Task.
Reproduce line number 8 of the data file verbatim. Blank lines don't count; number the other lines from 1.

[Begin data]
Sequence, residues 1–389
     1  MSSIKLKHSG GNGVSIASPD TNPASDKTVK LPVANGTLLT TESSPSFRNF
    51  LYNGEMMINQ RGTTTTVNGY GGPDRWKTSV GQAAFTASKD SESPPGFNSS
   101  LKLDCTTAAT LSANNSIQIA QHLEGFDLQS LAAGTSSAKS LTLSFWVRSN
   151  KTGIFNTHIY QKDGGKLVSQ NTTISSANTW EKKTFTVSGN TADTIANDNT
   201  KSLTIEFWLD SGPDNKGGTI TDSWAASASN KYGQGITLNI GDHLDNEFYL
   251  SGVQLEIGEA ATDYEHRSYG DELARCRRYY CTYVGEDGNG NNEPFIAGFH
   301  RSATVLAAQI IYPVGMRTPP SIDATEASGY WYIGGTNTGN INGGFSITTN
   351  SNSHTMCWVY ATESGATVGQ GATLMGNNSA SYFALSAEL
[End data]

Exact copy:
   301  RSATVLAAQI IYPVGMRTPP SIDATEASGY WYIGGTNTGN INGGFSITTN